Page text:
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My pants-supplies went from low and hypothetically problematic, to actually critical when I wore through my last pair of RTW pants.  I had been resisting buying any new pants, knowing this is one of the frontiers in garment I wanted to conquer this year.  But I kept procrastinating my travels to that frontier, saying to myself, "It's okay, these pants will last a little longer...", right up until the inner-thighs of the final pair wore all the way through.

So it was very timely that my jeans-making course at Made Marion with The Dreamstress began a week or so after.  I'm quite introverted, so the combined energy and focus of dealing with people that I don't know alongside trying to sew an unfamiliar garment, means I do struggle a bit with a class atmosphere, but it's worth it for the new information that can be garnered from very clever teachers. 

I chose to make the high-rise Ginger Jeans from Closet Case Patterns, and it's been great to have the support of the talented Leimomi to tweak the pattern to fit me right.  I have a smaller waist, larger bottom, legs that are slender compared to that larger bottom, and round-calves, meaning some really crazy fit challenges that would probably have stumped me.  I've learnt so much already from the fitting sessions of this class and have already gained enough confidence to try my hand at solo-pants-sewing...

I've also decided to start some Guise Pants from Papercut Patterns.  I was able to try on Emma's while at the retreat and thought that a slightly cropped pair in some of The Fabric Store's beautiful heavyweight linen would be just the ticket for my upcoming trip to autumnal Vancouver.  I've selected the Pickle colour way and now that I've plunged into cutting and making, to be really honest, I'm having doubts—the question, "do they look like poo pants?" keeps running through my mind.  Gah!  I just don't know!  I do like the contrasting fabric I've chosen for the pockets, though—it’s a soft pink and green stripe in the photo below, a remainder of my quilting days (which I still may return to…).

My ambivalence about the colour of the linen has had the benefit of making me less cautious about new techniques like welt pockets and fly fronts, and this fearlessness is paying off!  Seriously, will you look at that welt pocket?!  This is the first one I’ve ever done.

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As a note or word of warning to anyone else using this pattern—when it talks about the right or left of the pants, the pattern is unclear as to whether it's as you're looking at them, or the right/left of the pants themselves.  When in doubt GO WITH THE ILLUSTRATION!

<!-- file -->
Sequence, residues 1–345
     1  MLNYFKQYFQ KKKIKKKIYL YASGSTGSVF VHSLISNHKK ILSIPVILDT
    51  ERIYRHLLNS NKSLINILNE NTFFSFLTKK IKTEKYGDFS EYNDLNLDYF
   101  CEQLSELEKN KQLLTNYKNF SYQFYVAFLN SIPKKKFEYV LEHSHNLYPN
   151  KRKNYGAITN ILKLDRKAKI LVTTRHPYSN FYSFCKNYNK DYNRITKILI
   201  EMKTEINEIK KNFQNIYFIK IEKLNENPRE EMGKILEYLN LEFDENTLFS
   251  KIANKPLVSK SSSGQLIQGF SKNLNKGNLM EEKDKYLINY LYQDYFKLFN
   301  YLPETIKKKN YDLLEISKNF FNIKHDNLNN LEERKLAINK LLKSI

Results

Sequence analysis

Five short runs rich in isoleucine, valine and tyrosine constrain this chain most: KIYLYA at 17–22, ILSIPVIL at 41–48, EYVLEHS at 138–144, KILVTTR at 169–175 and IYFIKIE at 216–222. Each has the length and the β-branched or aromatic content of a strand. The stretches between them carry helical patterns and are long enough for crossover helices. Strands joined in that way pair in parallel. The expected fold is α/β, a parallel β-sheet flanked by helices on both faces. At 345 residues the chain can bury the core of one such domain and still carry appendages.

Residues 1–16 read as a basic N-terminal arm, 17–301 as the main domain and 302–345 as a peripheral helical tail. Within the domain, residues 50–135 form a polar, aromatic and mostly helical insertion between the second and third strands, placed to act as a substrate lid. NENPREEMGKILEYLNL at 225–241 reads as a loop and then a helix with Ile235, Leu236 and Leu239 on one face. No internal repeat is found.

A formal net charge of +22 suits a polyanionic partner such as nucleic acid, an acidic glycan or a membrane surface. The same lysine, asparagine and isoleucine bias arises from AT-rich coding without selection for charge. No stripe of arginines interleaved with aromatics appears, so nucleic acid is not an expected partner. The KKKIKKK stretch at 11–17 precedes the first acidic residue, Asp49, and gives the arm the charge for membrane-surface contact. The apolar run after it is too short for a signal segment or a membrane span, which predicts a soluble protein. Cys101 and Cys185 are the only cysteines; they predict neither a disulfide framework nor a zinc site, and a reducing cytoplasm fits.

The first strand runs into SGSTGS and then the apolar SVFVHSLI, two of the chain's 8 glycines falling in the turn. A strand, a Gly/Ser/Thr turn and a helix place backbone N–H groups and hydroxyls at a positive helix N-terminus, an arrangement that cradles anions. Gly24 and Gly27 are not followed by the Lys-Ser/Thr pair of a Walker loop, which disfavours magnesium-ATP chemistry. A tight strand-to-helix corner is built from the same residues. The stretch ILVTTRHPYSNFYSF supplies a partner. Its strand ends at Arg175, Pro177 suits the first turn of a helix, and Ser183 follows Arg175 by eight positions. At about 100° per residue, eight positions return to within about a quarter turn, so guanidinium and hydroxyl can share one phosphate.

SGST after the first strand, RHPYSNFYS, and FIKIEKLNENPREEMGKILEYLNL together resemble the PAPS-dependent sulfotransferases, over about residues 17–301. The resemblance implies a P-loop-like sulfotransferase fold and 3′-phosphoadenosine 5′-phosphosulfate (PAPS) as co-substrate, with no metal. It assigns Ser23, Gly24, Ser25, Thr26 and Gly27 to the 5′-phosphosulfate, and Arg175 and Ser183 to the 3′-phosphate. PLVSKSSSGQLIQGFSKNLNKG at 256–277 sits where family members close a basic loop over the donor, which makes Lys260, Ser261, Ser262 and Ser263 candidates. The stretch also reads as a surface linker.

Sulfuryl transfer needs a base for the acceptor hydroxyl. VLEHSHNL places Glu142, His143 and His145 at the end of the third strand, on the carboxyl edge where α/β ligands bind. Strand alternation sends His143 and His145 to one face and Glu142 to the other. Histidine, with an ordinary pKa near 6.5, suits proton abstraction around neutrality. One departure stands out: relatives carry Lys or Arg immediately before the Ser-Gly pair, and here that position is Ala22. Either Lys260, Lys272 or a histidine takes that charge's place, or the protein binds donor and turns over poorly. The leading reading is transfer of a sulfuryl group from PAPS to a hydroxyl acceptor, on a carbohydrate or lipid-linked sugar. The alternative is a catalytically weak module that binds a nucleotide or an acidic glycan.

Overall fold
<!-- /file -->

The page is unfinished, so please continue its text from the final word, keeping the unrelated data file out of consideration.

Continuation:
And from the hand-work box

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My knitting has slowed to something somewhat slower than a crawl, until I saw the Wellington indie-dyer Union Fiber's work, and a project burst into my mind!  One of my first knits from 2012 was a Big Houndstooth Cowl from Mel Clark's book Knitting Everyday Finery.  I love my original cowl, which is still in high rotation during winter.  But the idea of making a new one, in a new colour in some of Union Fiber's utterly divine Hellebores colouway has got the juices flowing again!  This yarn is a silk/merino chunky weight, and it is knitting up a treat!

I've also started a new Sarah K. Benning embroidery.  This design was my gateway patterndrug into SKB's designs—I saw it first on Diane of The Everyday Handmade's instagram account (here) and I've been obsessed with this embroidery and SKB's designs ever since.  This is the Elephant Ear and Rug pattern from March 2017.  I'll keep you updated on my progress!

Carry-Over Works In Progress Update

  • I still need to finish off my Kochi Kimono.

  • And I need to attach my Flowering Cactus embroidery to my In the Folds Jumpsuit.

On Reflection

I’m so excited about embarking on my pants-making journey, even if at this stage I have some hesitancy about the colour of my Guise Pants. But we’ll see what a new month brings! It’s also very satisfying to get back into knitting—it is such a soothing activity and I’m pleased to bring it back into my thready-practice.

June 2018 | Mismatched Buttons (A Monthly Journal)

June 2018 | Mismatched Buttons (A Monthly Journal)